A loss mitigator refers to an individual who specializes in helping homeowners who have become delinquent on their mortgage note. Loss mitigators either work as an employee of the bank; independent representative for the lender; or an agent who represents the homeowner.
The primary roll of a loss mitigator is to develop a plan allowing borrowers to remain in their home. The most common option offered is a loan modification. When mortgage loans are modified, terms are permanently altered. In some cases, borrowers end up paying a higher mortgage payment in order to cure arrearages
Loan modifications can be a good option for people who experienced a temporary financial setback, but are able to get back on track. Many borrowers make the mistake of agreeing to pay more than they can actually afford in order to prevent foreclosure.
When borrowers are unable to adhere to the repayment schedule, or do not qualify for a loan modification, the lender can either authorize a short sale or commence with foreclosure action. Short sales allow the borrower to sell their home for less than they owe on their home loan. While this may sound like an ideal arrangement, it is important to understand the pros and cons of this type of transaction.
Borrowers need to speak with their loss mitigator to determine the type of short sale offered through the lender. Two types of short sales exist and they are worlds apart. The first is known as Payment in Full without Pursuit of Deficiency Judgment. What this means is the lender agrees to accept the purchase price as payment in full. When the property sells, the borrower is released from any further financial obligation.
The second is known as a Deficiency Judgment. This means the lender holds the borrower responsible for the deficiency between the purchase price and loan balance. Lenders usually allow borrower's to sell the home for 7- to 10-percent below market value. As housing prices continue to drop, many homeowners owe considerably more than their home is worth.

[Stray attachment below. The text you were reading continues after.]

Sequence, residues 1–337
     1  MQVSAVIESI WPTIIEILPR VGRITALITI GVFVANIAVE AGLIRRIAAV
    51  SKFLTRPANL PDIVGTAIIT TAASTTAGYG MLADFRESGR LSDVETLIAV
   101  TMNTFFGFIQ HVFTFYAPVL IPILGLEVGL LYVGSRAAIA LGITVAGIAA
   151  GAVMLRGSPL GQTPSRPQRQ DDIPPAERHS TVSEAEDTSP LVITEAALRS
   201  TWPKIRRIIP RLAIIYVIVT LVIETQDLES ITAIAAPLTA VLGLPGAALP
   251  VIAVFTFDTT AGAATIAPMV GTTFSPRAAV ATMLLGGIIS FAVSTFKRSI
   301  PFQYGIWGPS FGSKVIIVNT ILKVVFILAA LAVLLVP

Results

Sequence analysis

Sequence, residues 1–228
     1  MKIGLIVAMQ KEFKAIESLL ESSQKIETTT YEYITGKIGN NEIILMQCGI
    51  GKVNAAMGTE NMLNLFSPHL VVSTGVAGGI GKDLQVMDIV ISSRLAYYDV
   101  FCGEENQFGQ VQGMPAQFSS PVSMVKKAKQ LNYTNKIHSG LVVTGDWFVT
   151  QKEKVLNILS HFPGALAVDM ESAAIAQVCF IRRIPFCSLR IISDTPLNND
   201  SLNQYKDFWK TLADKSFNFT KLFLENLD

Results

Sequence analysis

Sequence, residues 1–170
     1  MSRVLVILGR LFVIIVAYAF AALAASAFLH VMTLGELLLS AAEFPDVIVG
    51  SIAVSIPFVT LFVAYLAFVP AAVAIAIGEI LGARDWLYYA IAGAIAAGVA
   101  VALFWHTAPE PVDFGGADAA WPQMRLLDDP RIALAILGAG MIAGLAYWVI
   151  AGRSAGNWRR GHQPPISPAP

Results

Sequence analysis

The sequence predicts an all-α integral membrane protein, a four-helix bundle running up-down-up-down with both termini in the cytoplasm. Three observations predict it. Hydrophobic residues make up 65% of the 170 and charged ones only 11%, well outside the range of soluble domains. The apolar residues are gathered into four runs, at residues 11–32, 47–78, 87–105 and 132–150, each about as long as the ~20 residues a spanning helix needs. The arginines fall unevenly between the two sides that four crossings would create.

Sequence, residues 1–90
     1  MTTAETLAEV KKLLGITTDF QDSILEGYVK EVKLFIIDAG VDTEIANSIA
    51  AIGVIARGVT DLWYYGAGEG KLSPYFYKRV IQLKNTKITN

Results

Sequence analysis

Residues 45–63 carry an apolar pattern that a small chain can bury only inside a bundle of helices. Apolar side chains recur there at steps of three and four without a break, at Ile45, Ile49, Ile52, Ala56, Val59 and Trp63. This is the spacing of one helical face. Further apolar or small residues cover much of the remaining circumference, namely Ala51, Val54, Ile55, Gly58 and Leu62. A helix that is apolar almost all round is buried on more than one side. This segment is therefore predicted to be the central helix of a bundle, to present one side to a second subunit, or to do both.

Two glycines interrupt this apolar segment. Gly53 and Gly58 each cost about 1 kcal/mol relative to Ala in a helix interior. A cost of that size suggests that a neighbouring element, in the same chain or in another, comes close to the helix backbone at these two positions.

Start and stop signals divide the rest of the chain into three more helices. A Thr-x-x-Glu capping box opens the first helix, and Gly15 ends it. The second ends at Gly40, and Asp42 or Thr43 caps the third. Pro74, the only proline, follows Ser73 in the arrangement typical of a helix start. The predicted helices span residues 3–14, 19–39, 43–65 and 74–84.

Individuals holding a second mortgage can spend a lifetime trying to repay the balance. Consider where you stand at this moment. How much do you owe on your home loans and what is the current appraised value? Now subtract 10-percent from that amount. Are you in a position to repay several thousand dollars? If not, a deficiency judgment can be one of the worst financial decisions you will ever make.
When borrowers cannot obtain short sale approval, or their lender only engages in issuing deficiency judgments, the only option left is foreclosure. Just as with short sales, lenders can persue borrowers for sale deficiencies.
Foreclosure homes are sold through auctions. If no one buys the property, it is returned to the bank. The bank isn't going to give the house away, but if a reasonable offer is presented most lenders will accept them. It may take two or more years for the property to sell. The lender can persue the borrower for costs incurred while they were holding the real estate, along with the difference between the sale price and loan balance.
It is important to develop a strong working relationship with bank loss mitigators. Doing so can improve your chances of obtaining a successful outcome. Realize loss mitigators do not make final decisions, but they can help sway the lender's decision. When working with loss mitigation, be prepared, organized, respond in a timely fashion, and by all means be nice!
With the astronomical number of foreclosure properties, loss mitigators are overwhelmed with work. Financial experts state only 10-percent of short sale requests are granted.
I have spent the past two years working with lenders, loss mitigators, realtors and attorneys to determine factors for obtaining short sale approval. The end result is the "Short Sale Hardship Letter eBook Course"; a short, concise guide that can improve your chance of success ten-fold.
Additionally, our short sale article library is packed with information and resources about loss mitigation, foreclosure, short sales and various real estate topics.
Published on June 30, 2009 at 02:46 AM